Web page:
Google still wasn't sitting on its thumbs this week. It released fantastic three-inch-resolution imagery. Just open up Google Earth and go to Las Vegas to check it out. There's an interesting background to this tale. More on that later.
A "live" CD is one which allows you to run the whole operating system from the CD. You just pop it into the CD drive and boot from there and the whole OS is loaded into memory. Your hard drive remains untouched. This is a great way to fix your system if broken or to try out a new OS with no fear of breaking your installed system. While this has been available literally for years in the Linux world, Windows users should be thrilled that a Windows bootable CD was released this week. You still have to have a legitimate license for Windows and can only be using your license on one machine at a time.
Apple meanwhile announced the latest free upgrade to Mac OS X 10.4, is working closely with Intel to develop the desktop world's best parallel computing algorithms, and sought to convince a court that blogging about Apple secrets should be illegal.
Apple is allegedly putting "virtualization" into Leopard, the next version of Mac OS X due out this Fall. This would allow users to run Windows as an application within their Macintoshes, so that all of the Windows software would now run on the Macintosh. The implications could be serious for Microsoft, or they could be minimal, depending on how people react. My guess is that it will help Apple somewhat but most people will still avoid Macintoshes like the plague. Microsoft is putting its own version of virtualization into the next version of Windows, Vista, due out next year. This will allow users to run Linux inside Windows. As usual, this technology is available in Linux today, so that Linux users can run Windows inside Linux right now if they so choose.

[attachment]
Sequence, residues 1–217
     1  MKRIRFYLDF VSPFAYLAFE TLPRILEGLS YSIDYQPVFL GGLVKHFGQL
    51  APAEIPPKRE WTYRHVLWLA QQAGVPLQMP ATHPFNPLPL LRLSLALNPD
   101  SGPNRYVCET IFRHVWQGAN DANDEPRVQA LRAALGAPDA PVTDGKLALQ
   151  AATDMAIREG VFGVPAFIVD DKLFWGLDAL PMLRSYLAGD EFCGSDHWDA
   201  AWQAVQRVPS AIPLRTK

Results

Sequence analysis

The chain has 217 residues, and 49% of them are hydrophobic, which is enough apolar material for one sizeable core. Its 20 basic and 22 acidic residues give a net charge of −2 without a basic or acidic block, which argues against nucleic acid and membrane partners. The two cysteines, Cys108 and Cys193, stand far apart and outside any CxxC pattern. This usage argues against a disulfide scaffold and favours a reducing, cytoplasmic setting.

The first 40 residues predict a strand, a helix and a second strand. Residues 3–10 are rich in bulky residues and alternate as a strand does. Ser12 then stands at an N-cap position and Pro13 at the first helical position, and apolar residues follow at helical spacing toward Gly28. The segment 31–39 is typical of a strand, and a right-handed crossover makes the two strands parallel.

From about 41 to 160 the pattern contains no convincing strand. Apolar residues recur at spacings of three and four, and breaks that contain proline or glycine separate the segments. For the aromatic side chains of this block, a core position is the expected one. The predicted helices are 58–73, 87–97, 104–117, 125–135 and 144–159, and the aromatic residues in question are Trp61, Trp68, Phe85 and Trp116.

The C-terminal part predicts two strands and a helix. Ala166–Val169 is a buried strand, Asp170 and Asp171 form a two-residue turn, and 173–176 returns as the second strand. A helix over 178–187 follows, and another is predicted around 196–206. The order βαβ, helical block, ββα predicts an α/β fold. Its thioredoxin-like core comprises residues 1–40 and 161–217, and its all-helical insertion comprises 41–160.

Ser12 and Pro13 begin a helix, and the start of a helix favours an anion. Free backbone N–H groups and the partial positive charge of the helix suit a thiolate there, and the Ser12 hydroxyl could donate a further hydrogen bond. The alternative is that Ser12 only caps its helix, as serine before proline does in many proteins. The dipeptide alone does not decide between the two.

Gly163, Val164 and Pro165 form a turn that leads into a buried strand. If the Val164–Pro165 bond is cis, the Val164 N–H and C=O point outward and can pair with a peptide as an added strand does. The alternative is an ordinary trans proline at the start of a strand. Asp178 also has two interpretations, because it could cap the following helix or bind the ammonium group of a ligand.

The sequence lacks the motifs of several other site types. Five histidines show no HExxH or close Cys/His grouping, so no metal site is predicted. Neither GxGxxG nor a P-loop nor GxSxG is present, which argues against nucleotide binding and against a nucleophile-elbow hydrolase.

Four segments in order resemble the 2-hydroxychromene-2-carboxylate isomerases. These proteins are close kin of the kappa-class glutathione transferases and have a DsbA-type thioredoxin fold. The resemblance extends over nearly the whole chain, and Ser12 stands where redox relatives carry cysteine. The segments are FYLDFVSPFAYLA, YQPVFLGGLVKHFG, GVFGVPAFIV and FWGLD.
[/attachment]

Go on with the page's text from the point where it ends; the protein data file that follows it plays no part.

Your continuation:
Speaking of Bill Gates, a test is now online which allows you to check whether you are autistic or just weird. But it turns out that autism may end up being an evolutionary advantage because a new study shows that the brains of very smart kids mature later. And a new device has been created to help autistic people determine when they are acting inappropriately in social situations--it warns you that you are boring or irritating the people around you. I've needed one of those for years.